Five classic finals
Ahead of Wednesday's Manchester showpiece we look back at five classic Uefa Cup finals.
Last Updated: 14/05/08 9:11am
Ahead of Wednesday's showpiece at the City of Manchester Stadium we look back at five classic Uefa Cup finals.
2002 - Feyenoord 3 Borussia Dortmund 2
Stroppy striker Pierre van Hooijdonk, known in Britain more for his sulks than his undoubted ability, proved to be the hero as Feyenoord triumphed against German giants Dortmund. At their own De Kuip stadium, the former Nottingham Forest forward scored a penalty - after Jurgen Kohler had been sent off - and added a second shortly before half-time. Dortmund strikers Amoroso and Jan Koller scored either side of Jon Dahl Tomasson's 50th-minute clincher as Bert van Marwijk's side held on to lift the Bertoni trophy.
2007 - Sevilla 2 Espanyol 2 (Sevilla won 3-1 on penalties)
Having beaten Middlesbrough 4-0 in the previous year's final, Sevilla had a sterner test when they defended their crown in Glasgow against La Liga rivals Espanyol. After a frenetic start, little winger Adriano opened the scoring only for Albert Riera to level. Fredi Kanoute's goal in extra-time set Sevilla back on course but penalties were required as Jonatas brought the Parakeets level again. However, Juande Ramos' side prevailed in the shoot-out, becoming only the second team - after Real Madrid - to retain the title.
2001 - Liverpool 5 Alaves 4 (after extra-time)
Liverpool won an impressive treble in the 2000-01 season peaking with a thrilling Uefa Cup final win over La Liga minnows Alaves. Gerard Houllier's side took a 2-0 lead through Markus Babbel and Steven Gerrard. Ivan Alonso pulled one back before Gary McAllister's penalty seemingly put the game beyond the Basque side. However, Javi Moreno's quick second-half double levelled things only for Robbie Fowler to snatch what seemed to be the winner. A further twist saw Jordi Cruyff net in the penultimate minute of the match to force extra-time before Delfi Geli scored a cruel 'golden' own-goal late on to hand the Reds a thrilling triumph.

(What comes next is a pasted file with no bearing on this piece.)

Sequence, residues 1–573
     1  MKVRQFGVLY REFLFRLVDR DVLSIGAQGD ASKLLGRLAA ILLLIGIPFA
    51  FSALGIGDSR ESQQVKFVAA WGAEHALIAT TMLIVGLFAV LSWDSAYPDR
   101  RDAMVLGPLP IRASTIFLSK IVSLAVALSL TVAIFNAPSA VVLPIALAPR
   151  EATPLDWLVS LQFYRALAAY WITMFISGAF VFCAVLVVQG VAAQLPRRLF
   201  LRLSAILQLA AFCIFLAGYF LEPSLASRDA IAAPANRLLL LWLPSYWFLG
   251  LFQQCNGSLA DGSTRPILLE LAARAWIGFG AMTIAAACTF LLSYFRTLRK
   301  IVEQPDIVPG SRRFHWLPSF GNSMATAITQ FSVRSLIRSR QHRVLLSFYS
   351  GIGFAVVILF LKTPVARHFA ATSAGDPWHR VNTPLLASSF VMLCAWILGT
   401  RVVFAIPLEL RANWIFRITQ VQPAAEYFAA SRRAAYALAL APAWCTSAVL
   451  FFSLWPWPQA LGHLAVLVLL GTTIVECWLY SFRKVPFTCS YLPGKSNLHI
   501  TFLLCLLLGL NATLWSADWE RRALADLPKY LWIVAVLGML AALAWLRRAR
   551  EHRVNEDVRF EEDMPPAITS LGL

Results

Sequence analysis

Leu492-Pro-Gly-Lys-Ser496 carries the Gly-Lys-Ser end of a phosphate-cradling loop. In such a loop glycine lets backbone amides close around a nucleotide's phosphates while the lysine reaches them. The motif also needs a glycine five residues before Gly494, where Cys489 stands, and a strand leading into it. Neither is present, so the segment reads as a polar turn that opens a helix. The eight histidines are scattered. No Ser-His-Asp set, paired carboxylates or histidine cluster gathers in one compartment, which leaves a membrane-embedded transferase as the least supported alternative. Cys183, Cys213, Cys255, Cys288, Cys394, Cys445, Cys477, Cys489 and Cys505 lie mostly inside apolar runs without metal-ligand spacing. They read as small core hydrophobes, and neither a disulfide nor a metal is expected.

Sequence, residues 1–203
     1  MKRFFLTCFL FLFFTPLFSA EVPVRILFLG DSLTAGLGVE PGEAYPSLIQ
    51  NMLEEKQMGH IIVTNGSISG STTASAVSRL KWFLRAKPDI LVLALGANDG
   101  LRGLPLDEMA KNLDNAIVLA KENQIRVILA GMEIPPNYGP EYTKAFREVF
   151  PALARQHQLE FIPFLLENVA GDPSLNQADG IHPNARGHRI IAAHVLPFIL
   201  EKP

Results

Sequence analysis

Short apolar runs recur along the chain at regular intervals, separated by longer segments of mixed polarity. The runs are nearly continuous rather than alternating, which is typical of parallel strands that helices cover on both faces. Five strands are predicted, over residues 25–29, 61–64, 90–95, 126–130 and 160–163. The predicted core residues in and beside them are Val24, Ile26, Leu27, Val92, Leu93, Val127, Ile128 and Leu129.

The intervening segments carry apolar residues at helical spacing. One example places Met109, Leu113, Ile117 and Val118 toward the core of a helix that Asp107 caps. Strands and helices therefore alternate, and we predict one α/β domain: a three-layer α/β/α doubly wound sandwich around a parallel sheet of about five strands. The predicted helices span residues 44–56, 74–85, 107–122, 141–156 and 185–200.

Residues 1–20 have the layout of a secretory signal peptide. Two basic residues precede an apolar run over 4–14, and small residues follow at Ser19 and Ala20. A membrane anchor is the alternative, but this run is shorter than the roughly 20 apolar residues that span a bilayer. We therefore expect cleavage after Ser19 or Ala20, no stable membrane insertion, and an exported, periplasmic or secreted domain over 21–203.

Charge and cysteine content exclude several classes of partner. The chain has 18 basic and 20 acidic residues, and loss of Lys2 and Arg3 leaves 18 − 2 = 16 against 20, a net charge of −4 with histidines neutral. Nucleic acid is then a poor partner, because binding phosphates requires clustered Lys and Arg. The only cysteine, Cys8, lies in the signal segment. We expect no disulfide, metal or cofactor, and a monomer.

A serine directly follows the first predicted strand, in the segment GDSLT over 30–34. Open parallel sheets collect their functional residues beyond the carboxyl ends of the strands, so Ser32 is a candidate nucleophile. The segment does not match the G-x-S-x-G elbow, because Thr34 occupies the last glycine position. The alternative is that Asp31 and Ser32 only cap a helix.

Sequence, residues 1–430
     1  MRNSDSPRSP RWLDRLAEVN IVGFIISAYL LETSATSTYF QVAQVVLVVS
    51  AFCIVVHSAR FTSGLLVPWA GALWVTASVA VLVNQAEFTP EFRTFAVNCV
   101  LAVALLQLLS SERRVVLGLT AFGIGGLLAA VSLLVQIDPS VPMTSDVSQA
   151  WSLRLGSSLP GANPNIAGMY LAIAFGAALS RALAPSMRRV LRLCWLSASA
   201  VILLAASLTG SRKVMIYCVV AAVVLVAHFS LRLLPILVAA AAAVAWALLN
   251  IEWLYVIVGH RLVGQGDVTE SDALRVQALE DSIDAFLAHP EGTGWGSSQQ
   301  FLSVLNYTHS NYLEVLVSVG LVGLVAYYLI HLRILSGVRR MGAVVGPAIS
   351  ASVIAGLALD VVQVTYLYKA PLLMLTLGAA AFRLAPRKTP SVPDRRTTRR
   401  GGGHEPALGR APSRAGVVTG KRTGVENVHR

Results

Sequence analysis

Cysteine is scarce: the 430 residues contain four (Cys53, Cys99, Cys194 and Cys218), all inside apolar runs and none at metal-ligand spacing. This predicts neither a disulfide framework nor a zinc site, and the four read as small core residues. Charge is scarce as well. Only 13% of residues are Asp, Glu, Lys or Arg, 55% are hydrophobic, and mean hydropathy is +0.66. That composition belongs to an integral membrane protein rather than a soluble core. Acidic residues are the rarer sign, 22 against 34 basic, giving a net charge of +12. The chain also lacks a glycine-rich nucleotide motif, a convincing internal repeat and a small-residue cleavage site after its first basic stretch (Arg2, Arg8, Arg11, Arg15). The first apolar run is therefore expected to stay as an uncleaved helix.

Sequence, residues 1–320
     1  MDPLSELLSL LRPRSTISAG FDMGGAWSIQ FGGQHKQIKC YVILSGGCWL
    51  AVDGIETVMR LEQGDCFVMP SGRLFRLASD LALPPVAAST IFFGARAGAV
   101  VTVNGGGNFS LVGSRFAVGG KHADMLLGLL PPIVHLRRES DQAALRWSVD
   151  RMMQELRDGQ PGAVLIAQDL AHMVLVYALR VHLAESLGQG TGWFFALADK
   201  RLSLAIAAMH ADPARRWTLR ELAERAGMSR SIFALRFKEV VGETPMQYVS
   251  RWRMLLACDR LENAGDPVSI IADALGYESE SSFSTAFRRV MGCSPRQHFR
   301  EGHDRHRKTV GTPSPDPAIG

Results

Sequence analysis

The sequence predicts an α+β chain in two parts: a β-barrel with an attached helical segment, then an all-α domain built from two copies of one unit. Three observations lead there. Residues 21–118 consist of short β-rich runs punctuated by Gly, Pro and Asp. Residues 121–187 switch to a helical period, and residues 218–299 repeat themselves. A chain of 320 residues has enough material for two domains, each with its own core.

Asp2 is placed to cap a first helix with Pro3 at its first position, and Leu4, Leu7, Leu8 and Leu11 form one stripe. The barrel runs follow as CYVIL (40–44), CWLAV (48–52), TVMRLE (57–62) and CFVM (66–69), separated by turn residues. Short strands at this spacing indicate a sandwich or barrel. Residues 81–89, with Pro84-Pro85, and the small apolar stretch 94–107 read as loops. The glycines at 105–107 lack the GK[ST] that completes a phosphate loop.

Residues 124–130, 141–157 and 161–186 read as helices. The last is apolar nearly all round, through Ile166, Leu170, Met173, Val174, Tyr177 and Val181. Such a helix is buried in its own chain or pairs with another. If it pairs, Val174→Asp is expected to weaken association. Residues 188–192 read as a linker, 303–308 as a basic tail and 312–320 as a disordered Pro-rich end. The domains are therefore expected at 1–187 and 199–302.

1988 - Bayer Leverkusen 3 Espanyol 3 (on aggregate, Leverkusen won 3-2 on penalties)
Barcelona's second team romped the first leg with a 3-0 win in the Estadi de Sarria, inspired by goalscorers Roberto Losada and Miguel Soler to leave the Germans with much to do in the return leg. Leverkusen, coached by Erich Ribbeck, predictably threw everything forward in the second leg. After a goalless first half, Leverkusen scored three in 25 minutes to devastate Espanyol before an extra-time stalemate preceded a victorious penalty shoot-out victory for Bayer.
1981 - Ipswich 5 AZ Alkmaar 4 (on aggregate)
It may have been contested by two unglamorous teams, but the two-legged 1981 final was among the competition's most entertaining. Bobby Robson's Blues had seen off the likes of Manchester United and Juventus en route to the final. They coasted the first leg 3-0 as John Wark, Dutchman Frans Thijssen and Paul Mariner scored. Thijssen scored again in the return before AZ roared back to win 4-2 on the night, but Town's attacking stance had earned them a glorious victory.
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